Why Age-Based Marketing Doesn't Work: Does Less with More

By Wolfe, David B. | Aging Today, November/December 2004 | Go to article overview

Why Age-Based Marketing Doesn't Work: Does Less with More


Wolfe, David B., Aging Today


"The Seniors are coming! The Seniors are coming!" So began my book Serving the Ageless Market, published in 1990. Back then, it seemed only a matter of time-a short amount of time-before corporate America would awaken to the demographics-driven transformation of the marketplace just getting underway. "Who wouldn't take notice of this phenomenon?" thought many of us tracking the event. We just needed to get a few facts and figures out there for everyone to see.

But corporate America was preoccupied with other things during the 19905, especially with the dot-corn universe and the information technology from which it was wringing out costs and making histone productivity gains. However, one sector of business did not participate in these productivity gains. Marketing, which revolves around information, ironically became less productive during the 19905. For example, television advertising lost much of its punch. That Starbucks, New Balance and other brands became superbrands without TV advertising suggests that the tube is no longer the high-powered marketing tool it once was.

INEFFECTIVE MARKETING

Marketing's flagging effectiveness has strained relationships between marketing -agencies and their clients. While agencies blame external conditions- from media clutter to new wrinkles in customer behavior-for falling productivity, clients blame their agencies because good marketers are supposed to know what to do when conditions change the requirements for marketing success. Recent research shows that 90% or more of sales promotions for packaged goods result in lowered profits. A 1995 study by Information Resources Inc. found that 70% to 80% of new-product introductions fail, with each failure resulting in a net loss of up to $25 million. Also, direct marketing response rates were falling even before anthrax made headlines after the attacks of Sept. 11, 2001.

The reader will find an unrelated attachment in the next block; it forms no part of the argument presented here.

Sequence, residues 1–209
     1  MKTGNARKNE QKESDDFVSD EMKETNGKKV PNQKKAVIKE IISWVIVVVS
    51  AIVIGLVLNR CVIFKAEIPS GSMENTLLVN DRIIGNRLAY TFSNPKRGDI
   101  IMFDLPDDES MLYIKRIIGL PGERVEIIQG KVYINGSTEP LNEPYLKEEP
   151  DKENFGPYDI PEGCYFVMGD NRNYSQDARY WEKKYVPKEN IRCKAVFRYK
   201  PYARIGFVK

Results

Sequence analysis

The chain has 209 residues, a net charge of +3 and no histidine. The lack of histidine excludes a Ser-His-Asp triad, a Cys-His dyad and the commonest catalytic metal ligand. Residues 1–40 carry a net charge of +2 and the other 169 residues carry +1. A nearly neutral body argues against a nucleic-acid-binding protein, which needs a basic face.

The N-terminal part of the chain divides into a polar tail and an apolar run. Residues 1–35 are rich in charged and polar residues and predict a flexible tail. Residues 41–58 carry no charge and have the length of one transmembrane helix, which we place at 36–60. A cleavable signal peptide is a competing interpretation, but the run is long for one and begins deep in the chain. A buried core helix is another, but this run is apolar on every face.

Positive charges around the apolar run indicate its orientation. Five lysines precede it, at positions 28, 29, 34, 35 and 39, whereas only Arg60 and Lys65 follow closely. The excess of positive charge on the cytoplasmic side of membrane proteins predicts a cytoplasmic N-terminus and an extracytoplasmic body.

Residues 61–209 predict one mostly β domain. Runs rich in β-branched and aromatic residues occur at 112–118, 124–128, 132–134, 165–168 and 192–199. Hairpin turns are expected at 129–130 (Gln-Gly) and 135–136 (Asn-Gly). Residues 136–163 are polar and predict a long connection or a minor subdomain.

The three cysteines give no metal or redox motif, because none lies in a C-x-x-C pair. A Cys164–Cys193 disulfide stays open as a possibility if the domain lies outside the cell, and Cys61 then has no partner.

Despite this broad picture of decaying efficacy, marketing is consuming a bigger portion of corporate budgets than ever. In an analysis of 20 industries, half had selling, general and administrative (SG&A) costs of more than 40% of every sales dollar, and none were spending below 30%. Between 1978 and 1996, SG&A expenses for S&P 500 companies grew from 19% of sales to 24%. Spending on advertising rose from around 3% of revenues to about 4.5% in the same period-a 50% increase. Thus, in an age when every other business function has had to do more with less, marketing has managed to achieve an unenviable track record of doing less with more.

Desperate for a magic bullet to cure mounting marketing woes, companies invested billions in customer relationship management (CRM) systems to automate customer analytic and transaction processes. CRM became big business overnight on the strength of such promises. The global marketing research firm IDC estimated that the total worldwide CRM services generated by business totaled $40 billion in 1999, and will pass $100 billion sometime in 2004. In spite of this flood of spending, however, the Gartner Group regularly reports that more than half of all CRM initiatives fail to achieve their objectives. Wells Fargo, for one, pulled the plug on its CRM program in 2002, after spending $38 million trying to make it work.

Companies are learning the hard way that deploying expensive software "solutions" does nothing to address the fundamental philosophical, methodological and organizational flaws that bedevil their marketing functions. Merely automating a business function that is deeply dysfunctional to begin with only makes matters worse. Companies need to understand that what will work in today's more life-seasoned markets are often not the same as the things that were right to do when the consumer universe was dominated by people 18 to 34 years old.